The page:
Then it was that Busch, going back to his work, declared that it was time to settle the Saccard matter, especially as Saccard had re-entered the Bourse as a conqueror, and had again become a personage of indisputable solvency. The report which Busch had received from La Méchain, whom he had sent to the Rue Saint Lazare, was excellent. Nevertheless, he still hesitated to attack his man in front, and was delaying[Pg 149] matters in the hope of discovering some method by which he might conquer him, when a word dropped by La Méchain with regard to Madame Caroline, the lady who kept the house, and of whom all the shopkeepers in the neighbourhood had spoken to her, started him on a new plan of campaign. Was this lady perchance the real mistress, the one who held the keys of the cupboards and of the heart? He frequently obeyed what he called the stroke of inspiration, yielding to sudden divination, starting upon the chase with a mere indication due to his scent, and then collecting facts which would bring him certainty, and enable him to form a resolution. Thus it was that he betook himself to the Rue Saint Lazare to see Madame Caroline.
Upstairs in the work-room, she stopped short in surprise at sight of this stout, ill-shaven man, with a flat dirty face, greasy frock-coat, and white cravat. He, on the other hand, searched her very soul, finding her such as he desired her to be, so tall and healthy-looking, with her wonderful white hair, which, so to say, illumined her young face with gaiety and gentleness; and he was especially struck by the expression of her rather large mouth, such an expression of kindliness that he at once made up his mind.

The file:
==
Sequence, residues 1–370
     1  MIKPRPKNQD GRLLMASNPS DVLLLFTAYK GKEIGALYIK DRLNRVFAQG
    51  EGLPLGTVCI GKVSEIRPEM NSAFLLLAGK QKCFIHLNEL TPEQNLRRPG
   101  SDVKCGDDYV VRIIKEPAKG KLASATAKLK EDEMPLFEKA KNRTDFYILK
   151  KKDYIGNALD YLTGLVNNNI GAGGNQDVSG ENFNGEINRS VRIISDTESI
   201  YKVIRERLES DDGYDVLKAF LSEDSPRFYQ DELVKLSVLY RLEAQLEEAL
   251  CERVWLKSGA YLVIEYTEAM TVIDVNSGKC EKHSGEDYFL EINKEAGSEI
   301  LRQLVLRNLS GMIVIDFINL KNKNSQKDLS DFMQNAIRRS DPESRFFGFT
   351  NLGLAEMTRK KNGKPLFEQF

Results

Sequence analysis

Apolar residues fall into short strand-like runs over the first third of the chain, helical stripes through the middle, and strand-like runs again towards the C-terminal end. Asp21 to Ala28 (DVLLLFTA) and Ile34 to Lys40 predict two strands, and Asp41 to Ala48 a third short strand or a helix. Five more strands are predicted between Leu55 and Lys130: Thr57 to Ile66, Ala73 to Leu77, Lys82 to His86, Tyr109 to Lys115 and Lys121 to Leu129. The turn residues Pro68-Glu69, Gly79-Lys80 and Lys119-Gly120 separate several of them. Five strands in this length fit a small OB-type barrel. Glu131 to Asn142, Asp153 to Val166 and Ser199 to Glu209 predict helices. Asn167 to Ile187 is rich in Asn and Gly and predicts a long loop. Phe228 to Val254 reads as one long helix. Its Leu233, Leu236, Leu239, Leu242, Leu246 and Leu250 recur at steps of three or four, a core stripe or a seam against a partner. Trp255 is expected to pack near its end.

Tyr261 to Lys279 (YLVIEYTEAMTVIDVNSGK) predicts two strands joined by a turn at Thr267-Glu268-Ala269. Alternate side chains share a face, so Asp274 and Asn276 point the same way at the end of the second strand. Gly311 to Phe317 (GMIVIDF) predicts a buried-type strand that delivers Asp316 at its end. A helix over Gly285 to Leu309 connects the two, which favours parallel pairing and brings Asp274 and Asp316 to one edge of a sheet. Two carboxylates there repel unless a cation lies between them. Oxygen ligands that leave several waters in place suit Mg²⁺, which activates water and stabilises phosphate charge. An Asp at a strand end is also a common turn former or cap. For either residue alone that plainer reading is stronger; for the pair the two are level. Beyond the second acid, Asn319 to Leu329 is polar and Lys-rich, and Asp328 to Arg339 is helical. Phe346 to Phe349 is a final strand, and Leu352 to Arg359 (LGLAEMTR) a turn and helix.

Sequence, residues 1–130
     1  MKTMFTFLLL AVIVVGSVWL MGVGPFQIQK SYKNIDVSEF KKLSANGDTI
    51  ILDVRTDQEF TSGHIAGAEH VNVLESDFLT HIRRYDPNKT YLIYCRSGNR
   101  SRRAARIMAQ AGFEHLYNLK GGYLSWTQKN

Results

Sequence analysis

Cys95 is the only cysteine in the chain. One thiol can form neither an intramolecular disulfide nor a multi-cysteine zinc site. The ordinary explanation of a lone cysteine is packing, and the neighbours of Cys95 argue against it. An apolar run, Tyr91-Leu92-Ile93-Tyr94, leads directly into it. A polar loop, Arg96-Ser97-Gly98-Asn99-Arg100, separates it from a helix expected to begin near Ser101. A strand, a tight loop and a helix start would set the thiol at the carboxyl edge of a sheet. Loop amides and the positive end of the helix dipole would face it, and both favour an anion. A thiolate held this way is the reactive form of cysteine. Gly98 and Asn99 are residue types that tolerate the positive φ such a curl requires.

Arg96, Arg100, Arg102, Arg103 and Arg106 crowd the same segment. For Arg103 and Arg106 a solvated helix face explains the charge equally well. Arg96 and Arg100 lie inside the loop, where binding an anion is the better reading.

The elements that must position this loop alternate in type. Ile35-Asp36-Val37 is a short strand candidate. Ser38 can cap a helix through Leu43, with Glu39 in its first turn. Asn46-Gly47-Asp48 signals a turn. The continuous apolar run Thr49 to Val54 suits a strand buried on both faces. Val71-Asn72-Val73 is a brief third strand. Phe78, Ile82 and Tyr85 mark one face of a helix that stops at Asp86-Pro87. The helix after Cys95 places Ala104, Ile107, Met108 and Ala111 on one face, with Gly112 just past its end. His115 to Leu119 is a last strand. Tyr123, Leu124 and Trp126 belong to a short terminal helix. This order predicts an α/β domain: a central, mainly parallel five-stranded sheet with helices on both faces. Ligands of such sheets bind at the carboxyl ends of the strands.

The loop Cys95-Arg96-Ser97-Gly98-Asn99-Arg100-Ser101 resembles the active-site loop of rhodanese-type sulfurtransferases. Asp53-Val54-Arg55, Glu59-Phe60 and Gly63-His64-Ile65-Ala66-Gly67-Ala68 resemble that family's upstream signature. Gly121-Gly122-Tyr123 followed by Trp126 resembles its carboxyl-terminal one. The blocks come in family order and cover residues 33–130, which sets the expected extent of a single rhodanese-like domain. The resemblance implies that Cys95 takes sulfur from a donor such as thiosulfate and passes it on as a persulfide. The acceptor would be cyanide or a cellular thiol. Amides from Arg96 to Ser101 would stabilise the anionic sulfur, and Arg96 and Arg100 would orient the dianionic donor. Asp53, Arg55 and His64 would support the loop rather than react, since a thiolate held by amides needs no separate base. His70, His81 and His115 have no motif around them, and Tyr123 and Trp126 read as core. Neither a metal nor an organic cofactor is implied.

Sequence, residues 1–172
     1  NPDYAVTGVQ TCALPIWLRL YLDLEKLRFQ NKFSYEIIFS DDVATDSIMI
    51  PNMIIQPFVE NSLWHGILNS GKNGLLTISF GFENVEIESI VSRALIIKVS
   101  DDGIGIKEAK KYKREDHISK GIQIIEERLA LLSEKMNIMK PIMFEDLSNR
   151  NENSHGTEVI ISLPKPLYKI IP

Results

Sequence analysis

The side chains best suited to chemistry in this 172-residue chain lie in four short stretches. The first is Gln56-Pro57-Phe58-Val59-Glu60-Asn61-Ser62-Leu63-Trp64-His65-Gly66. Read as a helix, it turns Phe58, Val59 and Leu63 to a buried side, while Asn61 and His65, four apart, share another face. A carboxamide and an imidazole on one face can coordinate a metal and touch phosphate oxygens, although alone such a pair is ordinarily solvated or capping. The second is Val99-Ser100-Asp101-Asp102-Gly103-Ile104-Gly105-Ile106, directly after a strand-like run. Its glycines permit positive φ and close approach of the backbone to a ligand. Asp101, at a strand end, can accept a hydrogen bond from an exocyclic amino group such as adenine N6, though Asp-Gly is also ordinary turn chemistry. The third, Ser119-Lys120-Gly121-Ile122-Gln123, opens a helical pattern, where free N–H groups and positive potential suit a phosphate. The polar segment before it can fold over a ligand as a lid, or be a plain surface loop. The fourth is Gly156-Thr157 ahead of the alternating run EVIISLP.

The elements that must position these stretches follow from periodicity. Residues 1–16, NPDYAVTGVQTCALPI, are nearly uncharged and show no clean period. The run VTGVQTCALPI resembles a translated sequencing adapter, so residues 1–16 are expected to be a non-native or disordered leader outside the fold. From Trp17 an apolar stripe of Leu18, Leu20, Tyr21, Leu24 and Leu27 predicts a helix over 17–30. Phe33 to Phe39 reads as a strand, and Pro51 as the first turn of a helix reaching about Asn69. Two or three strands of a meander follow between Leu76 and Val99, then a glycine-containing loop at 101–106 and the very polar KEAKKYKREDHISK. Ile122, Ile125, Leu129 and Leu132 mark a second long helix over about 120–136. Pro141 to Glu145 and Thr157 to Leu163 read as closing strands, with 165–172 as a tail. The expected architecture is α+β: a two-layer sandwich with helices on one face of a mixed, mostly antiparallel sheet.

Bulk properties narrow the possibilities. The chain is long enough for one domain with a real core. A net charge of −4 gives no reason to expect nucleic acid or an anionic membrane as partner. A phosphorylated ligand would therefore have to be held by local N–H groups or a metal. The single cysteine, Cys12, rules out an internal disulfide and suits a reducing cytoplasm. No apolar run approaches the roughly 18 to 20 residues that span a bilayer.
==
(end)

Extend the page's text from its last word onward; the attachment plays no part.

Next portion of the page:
Tips, opportunities to make money：How to make a novel to make money online?'Madame,' said he, 'I wished to see Monsieur Saccard, but they just told me he was not in.'
He lied; he had not even asked for Saccard, for he knew very well that he was not in, having watched his departure for the Bourse.
'And so,' he resumed, 'I ventured to apply to you, really preferring this, for I am not ignorant who it is that I address. It is a question of a communication so serious and so delicate——'
Tips, opportunities to make money：Software that makes a picture onlineMadame Caroline, who had so far not asked him to sit down, pointed out a chair with anxious alacrity.
'Speak, monsieur, I am listening.'
Carefully lifting the skirts of his coat, which he seemed to be afraid of soiling, Busch settled in his own mind that this woman must be Saccard's mistress.
'You see, madame,' said he, 'it is not an easy thing to[Pg 150] say, and I confess to you that at the last moment I ask myself if I really ought to confide such a matter to you. I hope that you will see in the step I am taking nothing but a desire to enable Monsieur Saccard to repair old wrongs.'
With a gesture she put him at his ease, having, in her turn, understood with what sort of personage she had to deal, and desiring to curtail all useless protests. For the rest, he did not insist, but began to tell the old story in great detail—the seduction of Rosalie in the Rue de la Harpe, the birth of a child after Saccard's disappearance, the death of the mother in poverty and debauchery, and the fate of Victor left in the charge of a cousin too busy to watch him, and growing up in the midst of abomination. She listened to him, astonished at first by this romance which she had not expected, for she had imagined that it was a question of some shady financial transaction; and afterwards she visibly softened, moved by the mother's sad fate and the abandonment of the child, deeply stirred in the maternal instinct which was so strong within her, childless though she was.